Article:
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Garner Rally Could Be Crucial Test for Mayor

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Thousands of protesters are expected to descend on Staten Island tomorrow to march in memory of Eric Garner, who died in police custody last month, a demonstration that could be a crucial test for the de Blasio administration. NY1's Courtney Gross filed the following report.

Barricades are up, the New York City Police Department is ready to close off streets, and the mayor and police commissioner are expecting calm.

"Everyone shares the goal of a peaceful protest, and that's what you will see," Mayor Bill de Blasio said Wednesday.

"They can protest. They can participate in the rally and feel that they are going to be able to do that in a peaceful environment," said Police Commissioner William Bratton.

The Rev. Al Sharpton says demonstrations he has organized in the five boroughs have come a long way.

"We will be marching of all races in a new spirit," Sharpton said Wednesday.

Saturday's "We Will Not Go Back" march could provide a test for the mayor and how his administration handles a massive demonstration, one focused on a signature issue of his campaign: the police and the community.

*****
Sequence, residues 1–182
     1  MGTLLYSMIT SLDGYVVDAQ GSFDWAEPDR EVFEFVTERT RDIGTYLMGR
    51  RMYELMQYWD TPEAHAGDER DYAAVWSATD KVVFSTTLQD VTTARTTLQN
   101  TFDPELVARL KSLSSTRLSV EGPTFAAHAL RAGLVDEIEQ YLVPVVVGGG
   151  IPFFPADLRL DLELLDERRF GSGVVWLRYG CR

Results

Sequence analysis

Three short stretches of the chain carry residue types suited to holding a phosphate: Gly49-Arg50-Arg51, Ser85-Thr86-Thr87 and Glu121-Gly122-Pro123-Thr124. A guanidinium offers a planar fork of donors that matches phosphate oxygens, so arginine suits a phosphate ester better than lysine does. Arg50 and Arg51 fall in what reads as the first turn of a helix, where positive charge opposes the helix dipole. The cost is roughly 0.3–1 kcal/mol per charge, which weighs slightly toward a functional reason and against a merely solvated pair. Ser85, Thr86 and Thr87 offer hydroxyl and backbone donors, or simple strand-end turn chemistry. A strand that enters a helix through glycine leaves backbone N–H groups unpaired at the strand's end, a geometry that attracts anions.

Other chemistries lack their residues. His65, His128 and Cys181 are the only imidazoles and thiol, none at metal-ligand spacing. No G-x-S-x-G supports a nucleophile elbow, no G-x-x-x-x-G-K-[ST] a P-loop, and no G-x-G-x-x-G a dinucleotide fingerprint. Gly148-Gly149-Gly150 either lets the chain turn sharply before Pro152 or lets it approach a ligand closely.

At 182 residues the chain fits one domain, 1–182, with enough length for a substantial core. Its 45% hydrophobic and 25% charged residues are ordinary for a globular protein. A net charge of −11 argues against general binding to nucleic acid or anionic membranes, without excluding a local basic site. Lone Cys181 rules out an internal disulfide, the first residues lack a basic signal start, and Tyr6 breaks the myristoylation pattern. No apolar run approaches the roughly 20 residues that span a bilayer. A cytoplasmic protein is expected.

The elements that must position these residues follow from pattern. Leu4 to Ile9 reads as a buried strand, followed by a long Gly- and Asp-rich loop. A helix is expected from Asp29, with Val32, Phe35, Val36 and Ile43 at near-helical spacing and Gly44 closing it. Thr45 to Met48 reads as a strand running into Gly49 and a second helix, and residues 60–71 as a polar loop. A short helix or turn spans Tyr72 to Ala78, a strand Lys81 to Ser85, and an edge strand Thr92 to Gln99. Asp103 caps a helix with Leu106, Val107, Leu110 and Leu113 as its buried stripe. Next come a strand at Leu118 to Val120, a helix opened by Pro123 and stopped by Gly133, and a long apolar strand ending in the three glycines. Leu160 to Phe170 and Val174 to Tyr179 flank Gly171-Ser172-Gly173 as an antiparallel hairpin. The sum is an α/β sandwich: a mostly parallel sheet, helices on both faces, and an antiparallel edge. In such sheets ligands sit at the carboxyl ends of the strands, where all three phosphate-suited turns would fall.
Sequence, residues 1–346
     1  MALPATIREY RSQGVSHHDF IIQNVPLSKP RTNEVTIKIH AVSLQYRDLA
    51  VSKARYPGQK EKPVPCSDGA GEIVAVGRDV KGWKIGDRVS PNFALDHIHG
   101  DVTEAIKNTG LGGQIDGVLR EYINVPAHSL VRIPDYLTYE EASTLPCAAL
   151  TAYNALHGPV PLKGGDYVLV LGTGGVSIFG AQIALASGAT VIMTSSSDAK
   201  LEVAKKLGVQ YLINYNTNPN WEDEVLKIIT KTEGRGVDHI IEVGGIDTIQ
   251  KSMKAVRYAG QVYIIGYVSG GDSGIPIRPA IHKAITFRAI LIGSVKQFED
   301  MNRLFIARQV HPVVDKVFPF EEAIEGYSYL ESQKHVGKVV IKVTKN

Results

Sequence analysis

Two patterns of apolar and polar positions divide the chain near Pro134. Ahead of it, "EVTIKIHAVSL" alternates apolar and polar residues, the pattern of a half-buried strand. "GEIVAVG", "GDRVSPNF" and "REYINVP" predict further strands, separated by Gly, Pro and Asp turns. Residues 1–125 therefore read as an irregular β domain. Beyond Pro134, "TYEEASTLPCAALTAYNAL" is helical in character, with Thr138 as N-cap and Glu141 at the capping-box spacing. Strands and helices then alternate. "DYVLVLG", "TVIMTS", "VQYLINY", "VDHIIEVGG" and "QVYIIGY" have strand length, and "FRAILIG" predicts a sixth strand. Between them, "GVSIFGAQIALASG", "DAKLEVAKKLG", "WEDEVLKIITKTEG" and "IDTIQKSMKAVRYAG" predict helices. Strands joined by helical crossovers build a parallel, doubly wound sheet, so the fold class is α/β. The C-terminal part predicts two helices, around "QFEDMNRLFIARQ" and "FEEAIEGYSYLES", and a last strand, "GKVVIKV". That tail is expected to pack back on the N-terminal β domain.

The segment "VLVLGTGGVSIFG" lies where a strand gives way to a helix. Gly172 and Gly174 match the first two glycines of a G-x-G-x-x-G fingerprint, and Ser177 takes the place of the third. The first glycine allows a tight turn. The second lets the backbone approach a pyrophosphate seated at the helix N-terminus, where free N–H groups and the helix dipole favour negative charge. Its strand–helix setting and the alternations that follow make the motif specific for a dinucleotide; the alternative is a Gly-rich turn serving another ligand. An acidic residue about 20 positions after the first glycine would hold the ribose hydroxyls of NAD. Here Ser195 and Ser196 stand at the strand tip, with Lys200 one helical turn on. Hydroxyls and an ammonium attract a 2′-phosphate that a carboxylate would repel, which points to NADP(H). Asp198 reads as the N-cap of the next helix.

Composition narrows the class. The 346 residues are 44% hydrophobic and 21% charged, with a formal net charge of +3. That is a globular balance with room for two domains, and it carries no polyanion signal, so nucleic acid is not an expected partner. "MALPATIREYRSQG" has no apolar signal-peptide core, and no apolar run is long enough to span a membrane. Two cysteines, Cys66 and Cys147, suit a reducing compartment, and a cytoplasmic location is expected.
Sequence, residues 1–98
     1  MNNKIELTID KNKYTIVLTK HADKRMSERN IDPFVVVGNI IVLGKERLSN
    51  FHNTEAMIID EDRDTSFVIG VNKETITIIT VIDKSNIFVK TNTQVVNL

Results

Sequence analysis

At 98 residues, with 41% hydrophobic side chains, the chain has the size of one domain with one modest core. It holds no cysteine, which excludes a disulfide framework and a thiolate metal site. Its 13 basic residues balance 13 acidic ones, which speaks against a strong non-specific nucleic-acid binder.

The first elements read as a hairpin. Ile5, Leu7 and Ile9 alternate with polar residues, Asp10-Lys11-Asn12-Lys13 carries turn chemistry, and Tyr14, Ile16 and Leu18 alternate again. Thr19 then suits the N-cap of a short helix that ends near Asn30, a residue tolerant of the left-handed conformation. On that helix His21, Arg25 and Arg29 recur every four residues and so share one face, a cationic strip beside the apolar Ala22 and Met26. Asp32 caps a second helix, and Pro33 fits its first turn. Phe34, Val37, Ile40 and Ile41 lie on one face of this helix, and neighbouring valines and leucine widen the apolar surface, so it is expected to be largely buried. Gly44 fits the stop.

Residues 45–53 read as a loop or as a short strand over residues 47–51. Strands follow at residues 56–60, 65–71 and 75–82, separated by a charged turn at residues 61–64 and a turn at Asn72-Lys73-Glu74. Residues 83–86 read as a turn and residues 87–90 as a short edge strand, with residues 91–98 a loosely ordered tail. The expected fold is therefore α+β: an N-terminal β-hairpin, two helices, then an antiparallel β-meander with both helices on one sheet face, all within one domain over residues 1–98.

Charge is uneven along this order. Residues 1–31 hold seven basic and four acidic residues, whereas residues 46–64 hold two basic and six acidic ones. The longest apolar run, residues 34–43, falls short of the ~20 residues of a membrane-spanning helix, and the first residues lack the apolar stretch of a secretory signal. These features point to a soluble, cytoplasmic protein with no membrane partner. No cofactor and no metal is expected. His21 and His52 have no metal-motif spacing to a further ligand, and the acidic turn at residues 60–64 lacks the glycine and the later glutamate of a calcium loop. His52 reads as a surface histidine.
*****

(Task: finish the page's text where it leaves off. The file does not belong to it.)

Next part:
"Politicians make promises, and then it falls on the police department to deliver the promises. But that's not an easy transition," said Maria Haberfeld of the John Jay College of Criminal Justice.

After all, history has shown these moments can be seminal.

Sources tell NY1 the NYPD is expected to have more of a "behind the scenes" role. The National Action Network is expected to deploy 500 of its own marshals, people like community leaders, who will be stationed along the march's route, managing participants and moving the crowd along.

City Hall says the NYPD presence will include hundreds of community affairs officers who are not in full-scale uniform.

The mayor is staying away from Staten Island, and every other citywide elected leader is passing on participating as well. The highest profile elected official to attend is Melissa Mark-Viverito, the speaker of the City Council.

"I deliberated about this. I think we 're at a moment in time in this city where this rally is a moment to heal, to come together. It's not an anti-cop march in any which way," Mark-Viverito said.

While the mayor is not expected to attend Saturday's march, he will have a public schedule. He is expected to visit a church in Brooklyn.

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